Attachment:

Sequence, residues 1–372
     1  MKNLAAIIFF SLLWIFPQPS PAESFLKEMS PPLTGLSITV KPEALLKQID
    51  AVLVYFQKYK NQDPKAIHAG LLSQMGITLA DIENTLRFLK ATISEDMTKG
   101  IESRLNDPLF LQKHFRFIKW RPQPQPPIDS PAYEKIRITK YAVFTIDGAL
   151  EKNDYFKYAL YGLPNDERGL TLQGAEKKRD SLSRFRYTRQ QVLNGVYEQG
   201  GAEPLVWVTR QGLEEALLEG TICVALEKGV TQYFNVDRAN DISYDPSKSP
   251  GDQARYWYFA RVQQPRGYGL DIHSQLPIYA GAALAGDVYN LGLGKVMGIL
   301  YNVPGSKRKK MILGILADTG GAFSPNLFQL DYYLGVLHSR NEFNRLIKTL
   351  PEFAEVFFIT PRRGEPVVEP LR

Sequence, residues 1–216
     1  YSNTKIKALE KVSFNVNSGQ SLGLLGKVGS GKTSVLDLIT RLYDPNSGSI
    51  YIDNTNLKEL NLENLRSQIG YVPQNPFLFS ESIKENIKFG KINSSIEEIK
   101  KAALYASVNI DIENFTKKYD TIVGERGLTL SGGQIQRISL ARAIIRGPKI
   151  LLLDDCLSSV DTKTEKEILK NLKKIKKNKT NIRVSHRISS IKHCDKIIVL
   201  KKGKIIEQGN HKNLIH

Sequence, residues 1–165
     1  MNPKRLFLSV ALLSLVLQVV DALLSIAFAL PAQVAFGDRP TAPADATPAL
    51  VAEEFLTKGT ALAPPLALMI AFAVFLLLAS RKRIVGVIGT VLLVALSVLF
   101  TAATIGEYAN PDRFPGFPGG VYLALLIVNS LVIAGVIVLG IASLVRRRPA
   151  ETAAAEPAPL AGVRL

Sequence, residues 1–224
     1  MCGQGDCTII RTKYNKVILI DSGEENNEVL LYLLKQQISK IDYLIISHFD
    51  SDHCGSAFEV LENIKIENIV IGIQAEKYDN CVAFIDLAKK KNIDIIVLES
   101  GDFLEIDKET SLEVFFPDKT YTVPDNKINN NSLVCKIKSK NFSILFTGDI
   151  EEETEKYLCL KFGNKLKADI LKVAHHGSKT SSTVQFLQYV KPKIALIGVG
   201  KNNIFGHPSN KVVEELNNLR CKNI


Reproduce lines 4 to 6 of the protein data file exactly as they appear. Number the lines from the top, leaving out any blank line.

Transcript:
   101  IESRLNDPLF LQKHFRFIKW RPQPQPPIDS PAYEKIRITK YAVFTIDGAL
   151  EKNDYFKYAL YGLPNDERGL TLQGAEKKRD SLSRFRYTRQ QVLNGVYEQG
   201  GAEPLVWVTR QGLEEALLEG TICVALEKGV TQYFNVDRAN DISYDPSKSP